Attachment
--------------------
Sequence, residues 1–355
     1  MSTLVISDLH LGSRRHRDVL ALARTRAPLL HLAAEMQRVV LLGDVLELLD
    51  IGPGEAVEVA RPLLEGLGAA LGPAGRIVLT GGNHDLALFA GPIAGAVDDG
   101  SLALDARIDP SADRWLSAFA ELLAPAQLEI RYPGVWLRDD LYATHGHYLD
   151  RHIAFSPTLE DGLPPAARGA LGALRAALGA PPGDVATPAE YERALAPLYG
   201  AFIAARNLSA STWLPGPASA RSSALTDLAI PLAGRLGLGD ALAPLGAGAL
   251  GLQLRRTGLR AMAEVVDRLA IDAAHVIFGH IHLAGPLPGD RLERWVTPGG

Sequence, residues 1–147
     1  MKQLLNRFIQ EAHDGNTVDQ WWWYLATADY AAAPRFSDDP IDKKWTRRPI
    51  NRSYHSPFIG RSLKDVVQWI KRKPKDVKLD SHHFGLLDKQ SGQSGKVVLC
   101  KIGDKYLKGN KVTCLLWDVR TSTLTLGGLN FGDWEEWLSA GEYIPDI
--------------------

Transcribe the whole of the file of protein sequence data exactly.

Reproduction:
Sequence, residues 1–355
     1  MSTLVISDLH LGSRRHRDVL ALARTRAPLL HLAAEMQRVV LLGDVLELLD
    51  IGPGEAVEVA RPLLEGLGAA LGPAGRIVLT GGNHDLALFA GPIAGAVDDG
   101  SLALDARIDP SADRWLSAFA ELLAPAQLEI RYPGVWLRDD LYATHGHYLD
   151  RHIAFSPTLE DGLPPAARGA LGALRAALGA PPGDVATPAE YERALAPLYG
   201  AFIAARNLSA STWLPGPASA RSSALTDLAI PLAGRLGLGD ALAPLGAGAL
   251  GLQLRRTGLR AMAEVVDRLA IDAAHVIFGH IHLAGPLPGD RLERWVTPGG

Sequence, residues 1–147
     1  MKQLLNRFIQ EAHDGNTVDQ WWWYLATADY AAAPRFSDDP IDKKWTRRPI
    51  NRSYHSPFIG RSLKDVVQWI KRKPKDVKLD SHHFGLLDKQ SGQSGKVVLC
   101  KIGDKYLKGN KVTCLLWDVR TSTLTLGGLN FGDWEEWLSA GEYIPDI